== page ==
Gridlok Speaks on Project Trendkill and the Importance of Kickstarter

When you talk about artists taking the power back, you need not look further than the drum & bass scene to see how different things can be. While many

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Complex Original

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When you talk about artists taking the power back, you need not look further than the drum & bass scene to see how different things can be. While many electronic music genres have gravitated towards some kind of major label backing, drum & bass managed to stay pretty insular for some time, which is even more astonishing considering how important the role of vinyl and dubplate culture was the drum & bass sales. With everything from an influx of start-up labels flooding the market with subpar music and the inundation of file-sharing, drum & bass has taken hits over the years, but has strived on through the release of quality music on the scene's biggest labels, and names like Gridlok and Prolix have stood the test of time, remaining relevant in a scene that seems to grow inward with each passing year.

Having already teamed up for releases on Ram Records, Playaz, and each other's imprints, Gridlok and Prolix are a formidable drum & bass team that many definitely love seeing link up. What many might not have seen coming was the decision they made to work on putting together their collaboration album on their own, funding the project via Kickstarter as opposed to going through one of the powerhouse drum & bass imprints. Going under the name Project Trendkill, they've set a course that many in the drum & bass scene have not embarked upon yet. We got a chance to speak with Gridlok on this decision, why they're going back to vinyl, and what this could mean for the drum & bass scene going forward.

Fans of drum & bass know how acclaimed both of you are. You’ve had releases as a duo on Playaz, and had a monstrous single on Ram earlier this year. Why did you choose to go with setting up a Kickstarter to release your album as opposed to one of the labels you’ve worked with in the past?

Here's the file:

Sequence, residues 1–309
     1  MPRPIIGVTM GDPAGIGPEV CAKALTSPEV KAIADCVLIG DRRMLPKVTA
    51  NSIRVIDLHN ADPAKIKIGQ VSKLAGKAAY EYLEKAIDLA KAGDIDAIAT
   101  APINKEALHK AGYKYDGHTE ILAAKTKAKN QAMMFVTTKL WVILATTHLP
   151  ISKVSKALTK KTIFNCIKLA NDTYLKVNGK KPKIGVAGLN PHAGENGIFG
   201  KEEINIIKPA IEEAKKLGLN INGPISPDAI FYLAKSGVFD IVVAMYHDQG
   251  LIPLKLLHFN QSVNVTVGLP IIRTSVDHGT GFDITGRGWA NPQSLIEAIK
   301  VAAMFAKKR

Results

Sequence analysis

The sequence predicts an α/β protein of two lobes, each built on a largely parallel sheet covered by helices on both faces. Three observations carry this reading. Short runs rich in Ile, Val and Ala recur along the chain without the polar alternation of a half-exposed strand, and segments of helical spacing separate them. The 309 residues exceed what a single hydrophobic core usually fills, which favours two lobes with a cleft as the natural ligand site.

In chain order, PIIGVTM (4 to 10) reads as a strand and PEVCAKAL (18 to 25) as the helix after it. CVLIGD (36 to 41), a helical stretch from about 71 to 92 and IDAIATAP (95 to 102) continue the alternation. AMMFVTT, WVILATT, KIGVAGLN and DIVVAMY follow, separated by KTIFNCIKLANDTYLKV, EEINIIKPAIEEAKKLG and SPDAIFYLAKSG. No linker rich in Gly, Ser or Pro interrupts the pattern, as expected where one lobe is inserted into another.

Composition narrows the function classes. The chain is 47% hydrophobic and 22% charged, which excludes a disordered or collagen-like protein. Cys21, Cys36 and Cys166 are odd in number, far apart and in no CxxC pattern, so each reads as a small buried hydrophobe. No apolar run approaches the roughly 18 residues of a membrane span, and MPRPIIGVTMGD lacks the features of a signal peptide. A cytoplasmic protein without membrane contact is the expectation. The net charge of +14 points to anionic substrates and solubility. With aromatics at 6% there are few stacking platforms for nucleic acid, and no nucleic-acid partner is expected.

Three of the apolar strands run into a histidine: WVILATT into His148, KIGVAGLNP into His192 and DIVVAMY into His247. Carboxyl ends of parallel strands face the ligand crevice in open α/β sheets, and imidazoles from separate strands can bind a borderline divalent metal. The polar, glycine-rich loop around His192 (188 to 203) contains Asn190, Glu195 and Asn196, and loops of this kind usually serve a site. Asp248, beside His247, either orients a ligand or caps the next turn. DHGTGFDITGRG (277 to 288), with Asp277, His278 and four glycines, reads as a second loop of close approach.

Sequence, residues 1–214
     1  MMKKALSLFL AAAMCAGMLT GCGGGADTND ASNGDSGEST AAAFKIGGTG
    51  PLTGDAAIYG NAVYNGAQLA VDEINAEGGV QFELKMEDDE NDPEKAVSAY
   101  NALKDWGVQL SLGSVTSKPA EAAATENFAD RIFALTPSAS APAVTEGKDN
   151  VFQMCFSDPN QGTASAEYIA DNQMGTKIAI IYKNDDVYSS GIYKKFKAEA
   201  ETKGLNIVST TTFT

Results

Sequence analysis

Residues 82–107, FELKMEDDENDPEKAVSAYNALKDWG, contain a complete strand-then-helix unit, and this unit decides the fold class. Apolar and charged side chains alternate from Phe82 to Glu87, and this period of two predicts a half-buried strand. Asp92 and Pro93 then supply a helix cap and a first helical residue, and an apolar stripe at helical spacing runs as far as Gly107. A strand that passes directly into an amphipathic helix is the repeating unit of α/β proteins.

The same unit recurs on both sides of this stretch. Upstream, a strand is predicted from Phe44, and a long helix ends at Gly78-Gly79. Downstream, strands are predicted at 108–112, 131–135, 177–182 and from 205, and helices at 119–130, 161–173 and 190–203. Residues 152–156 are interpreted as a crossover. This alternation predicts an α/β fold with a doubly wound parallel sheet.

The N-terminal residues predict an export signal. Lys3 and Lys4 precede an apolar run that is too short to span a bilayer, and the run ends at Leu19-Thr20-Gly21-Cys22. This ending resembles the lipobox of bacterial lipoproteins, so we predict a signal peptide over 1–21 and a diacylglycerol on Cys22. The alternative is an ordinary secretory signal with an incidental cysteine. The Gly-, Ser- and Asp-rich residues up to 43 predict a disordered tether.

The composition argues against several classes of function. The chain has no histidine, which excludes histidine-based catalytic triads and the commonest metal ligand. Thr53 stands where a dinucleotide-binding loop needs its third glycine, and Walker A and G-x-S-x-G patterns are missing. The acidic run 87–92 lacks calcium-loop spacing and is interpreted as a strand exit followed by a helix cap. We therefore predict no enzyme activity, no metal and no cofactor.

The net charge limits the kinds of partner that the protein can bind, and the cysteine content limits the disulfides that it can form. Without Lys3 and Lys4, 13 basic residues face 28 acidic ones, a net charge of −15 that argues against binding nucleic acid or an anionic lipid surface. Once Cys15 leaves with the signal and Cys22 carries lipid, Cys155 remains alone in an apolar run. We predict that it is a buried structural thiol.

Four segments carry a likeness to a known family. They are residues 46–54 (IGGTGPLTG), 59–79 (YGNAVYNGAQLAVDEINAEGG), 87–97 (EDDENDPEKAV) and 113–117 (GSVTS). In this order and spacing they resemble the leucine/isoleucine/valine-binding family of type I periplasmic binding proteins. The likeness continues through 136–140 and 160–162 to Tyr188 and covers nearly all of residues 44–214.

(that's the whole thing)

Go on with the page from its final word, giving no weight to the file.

This is obviously a massive piece of work for the both of us, something we have wanted to do for a long time. So we thought hard about the best way to get it out and realized this is the ONLY way to do it! It's allowed us to have complete creative control and to put it out exactly how and when we wanted.

And of course the flipside is, with such a move with music literally not being tangible anymore, how important is it for you two to craft an album that’s being specifically made to get pressed on vinyl?

I guess it depends how long you want your music to stick around? Digital is awesome. We use it to make music, to DJ, and to listen to music while away from home. But vinyl is what we want to have in our collections, it's what we want to spin on at home or when we just want to listen to some GOOD music. It's something that stays with us for decades, not just a few minutes on our hard drives. The music we make, we think, is timeless and deserves a timeless format.

Is there any stock in saying that the digital trend for music sales had a bad effect on the drum & bass scene, one which was very regimented to the vinyl medium?

I think what we are doing with Kickstarter is black and white proof of how much people's artistic output is compromised due to profit margins and budget constraints. We've just taken that entire beast out of the equation. As far as what the scene is doing, hopefully they take note that the machine is painfully broken, and anything new or different is refreshing in this sea of SoundCloud links, Beatport buy links, iTunes store spam, etc., etc., etc.. This is something real.

Talk to us about the album. How long have you guys been working on it? What tracks can fans expect to hear on it?

We started in January while on tour in Australia. It's taken up until now mostly due to the distance between us. What you can expect is full on drum-and-mother-fucking-bass! There is no pretentious journey here. It's just 38 minutes across eight tracks, no-nonsense straight to the point, smack you up the side of the head with an aluminum baseball bat.

We think we understand what you’re trying to say with PROJECT TRENDKILL, but can you break down where the idea for the name came from?

It's simple really: my Project 51 imprint plus Prolix's Trendkill Records = PROJECT TRENDKILL.

What’s next for PROJECT TRENDKILL?

For our KICKSTARTER to get fully funded!

Do you guys think this could be the start of a trend, with other dnb acts (or electronic music producers in general) giving more of an emphasis on the physical medium for their releases?

We don't follow trends, or even aim to set them. We do what makes sense for us and if inspires somebody else along the way then we are thrilled!

Would you say the future of music distribution is in crowdsourcing institutions like Kickstarter?

Absolutely! Look to Kickstarter or Steam and their Greenlight projects. They are leading the way in the future of funding artistic projects. We've simply done our best to adapt it to what we love to make, RECORDS!

If you want to help Project Trendkill hit their reach goal, hit their Kickstarter page right now. You can donate until October 31.

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